I love nice hearty breads that have whole grains and seeds in them. I have tried several recipes over the years, but didn’t find one that I really liked that much. So, I developed my own recipe. It’s designed to be flexible and allow for a choice of different grains, nuts and seeds to be used, depending on the mood of the baker and the ultimate use for the bread. I also wanted it to have a high percentage of whole grains, plus be tasty and easy to make. Sometimes I get new recipes figured out quickly, but I worked on this one for quite a while before I got it where I was comfortable enough to share it with others.
I’ve made this bread using a wide variety of grains, including uncooked grains like cracked wheat, rolled oats, millet, oat bran, corn meal and a 5 grain rolled cereal. I’ve used several different seeds and nuts, including white and black sesame, sunflower, poppy, and pumpkin seeds as well as walnuts. And I’ve used cooked grains like black or brown rice and quinoa. They’re all good in this bread! Even cocoa nibs work. One recent variation included raisins and chopped walnuts, with a little cinnamon added to the dough. It was a winner too, and it was lovely when toasted.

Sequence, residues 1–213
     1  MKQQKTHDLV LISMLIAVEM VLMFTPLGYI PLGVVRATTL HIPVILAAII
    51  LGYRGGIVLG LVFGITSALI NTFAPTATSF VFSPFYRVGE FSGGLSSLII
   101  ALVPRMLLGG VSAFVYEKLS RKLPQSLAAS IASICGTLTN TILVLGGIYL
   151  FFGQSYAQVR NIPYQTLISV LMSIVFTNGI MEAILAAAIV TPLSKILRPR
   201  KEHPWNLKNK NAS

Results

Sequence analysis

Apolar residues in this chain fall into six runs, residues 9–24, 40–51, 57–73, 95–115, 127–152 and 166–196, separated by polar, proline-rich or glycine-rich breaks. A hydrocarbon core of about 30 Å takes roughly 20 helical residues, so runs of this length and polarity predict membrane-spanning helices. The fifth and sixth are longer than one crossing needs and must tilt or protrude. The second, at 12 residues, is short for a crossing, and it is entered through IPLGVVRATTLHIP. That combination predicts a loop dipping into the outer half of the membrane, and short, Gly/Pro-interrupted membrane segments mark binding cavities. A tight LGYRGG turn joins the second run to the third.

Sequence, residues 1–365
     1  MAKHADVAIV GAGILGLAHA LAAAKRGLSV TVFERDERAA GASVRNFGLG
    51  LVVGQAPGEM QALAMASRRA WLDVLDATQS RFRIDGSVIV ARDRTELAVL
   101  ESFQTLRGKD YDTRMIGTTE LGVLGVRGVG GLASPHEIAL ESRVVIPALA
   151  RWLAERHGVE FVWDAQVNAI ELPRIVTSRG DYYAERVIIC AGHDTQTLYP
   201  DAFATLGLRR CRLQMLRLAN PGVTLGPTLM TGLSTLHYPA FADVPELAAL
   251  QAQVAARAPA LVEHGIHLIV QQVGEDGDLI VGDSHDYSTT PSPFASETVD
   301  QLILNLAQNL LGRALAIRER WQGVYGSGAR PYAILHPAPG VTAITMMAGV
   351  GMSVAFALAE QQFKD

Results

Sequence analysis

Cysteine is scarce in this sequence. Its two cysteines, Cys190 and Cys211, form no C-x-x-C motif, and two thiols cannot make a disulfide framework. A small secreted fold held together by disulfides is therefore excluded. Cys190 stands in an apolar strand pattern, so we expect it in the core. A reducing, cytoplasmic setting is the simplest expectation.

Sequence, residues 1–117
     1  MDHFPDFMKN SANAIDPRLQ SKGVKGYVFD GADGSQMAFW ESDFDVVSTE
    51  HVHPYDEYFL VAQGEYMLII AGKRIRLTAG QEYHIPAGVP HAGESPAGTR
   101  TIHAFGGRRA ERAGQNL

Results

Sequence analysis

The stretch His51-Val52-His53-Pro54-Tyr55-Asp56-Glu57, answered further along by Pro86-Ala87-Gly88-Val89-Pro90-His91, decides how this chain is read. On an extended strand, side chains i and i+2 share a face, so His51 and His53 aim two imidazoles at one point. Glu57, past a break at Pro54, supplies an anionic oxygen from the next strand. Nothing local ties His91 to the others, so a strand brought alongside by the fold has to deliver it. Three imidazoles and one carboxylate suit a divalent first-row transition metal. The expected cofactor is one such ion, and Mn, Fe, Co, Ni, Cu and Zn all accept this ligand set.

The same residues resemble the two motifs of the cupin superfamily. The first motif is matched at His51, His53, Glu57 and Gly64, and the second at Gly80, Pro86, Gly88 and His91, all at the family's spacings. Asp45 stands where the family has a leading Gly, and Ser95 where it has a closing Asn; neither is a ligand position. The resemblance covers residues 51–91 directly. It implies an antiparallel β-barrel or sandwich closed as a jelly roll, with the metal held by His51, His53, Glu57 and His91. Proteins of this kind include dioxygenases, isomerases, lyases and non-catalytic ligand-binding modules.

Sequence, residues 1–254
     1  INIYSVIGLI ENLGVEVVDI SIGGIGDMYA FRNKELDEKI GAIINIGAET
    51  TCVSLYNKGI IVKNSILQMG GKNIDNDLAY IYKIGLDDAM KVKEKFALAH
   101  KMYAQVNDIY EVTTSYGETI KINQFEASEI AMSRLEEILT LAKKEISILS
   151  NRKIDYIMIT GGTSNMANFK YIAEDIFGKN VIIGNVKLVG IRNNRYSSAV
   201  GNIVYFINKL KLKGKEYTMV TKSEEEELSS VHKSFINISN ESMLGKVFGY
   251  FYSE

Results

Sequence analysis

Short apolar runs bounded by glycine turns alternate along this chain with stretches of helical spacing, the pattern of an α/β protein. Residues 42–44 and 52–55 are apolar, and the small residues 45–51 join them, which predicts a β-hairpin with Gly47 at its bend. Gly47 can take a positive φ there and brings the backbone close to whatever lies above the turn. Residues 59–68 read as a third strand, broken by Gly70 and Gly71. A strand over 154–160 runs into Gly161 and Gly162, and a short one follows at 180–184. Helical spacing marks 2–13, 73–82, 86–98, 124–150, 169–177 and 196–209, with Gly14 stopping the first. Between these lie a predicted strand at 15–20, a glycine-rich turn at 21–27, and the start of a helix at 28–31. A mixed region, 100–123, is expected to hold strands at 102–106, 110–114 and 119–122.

This recipe makes a little over two pounds of dough. For a sandwich loaf I bake it in a 9 x 5 inch loaf pan, but it also works well when proofed in a brotform. I have also used my French bread pan to make baguettes. It is a versatile recipe, to say the least. Which is exactly what I was wanting when I set out to create it!
The below photos shows the dough proofing in a 10 inch brotform, and then after slashing it with a scallop pattern before baking.
I baked this particular loaf on a pre-heated pizza stone, and used a steam treatment to get a nice hard crust. The finished loaf was both lovely and tasty, if I do say so myself.
This recipes uses both yeast and a sourdough starter. If made with a whole grain sourdough starter like I use, this bread winds up containing around 70% whole grains. The sourdough starter not only adds to the taste and leavening power of the bread, but also make it stay fresh longer.
Using a bread machine’s dough cycle is the easiest way to do the kneading and bulk fermenting for this bread. Alternately, I sometimes use my Kitchenaid stand mixer for the kneading and then let the dough rise in a bowl on the counter. This bread usually gets a good oven spring for me, so carefully slashing of the dough just before you put it in the oven will help to keep it from splitting or ‘blowing out’ in unwanted places. For a softer crust, you can brush the top with a little melted butter after baking.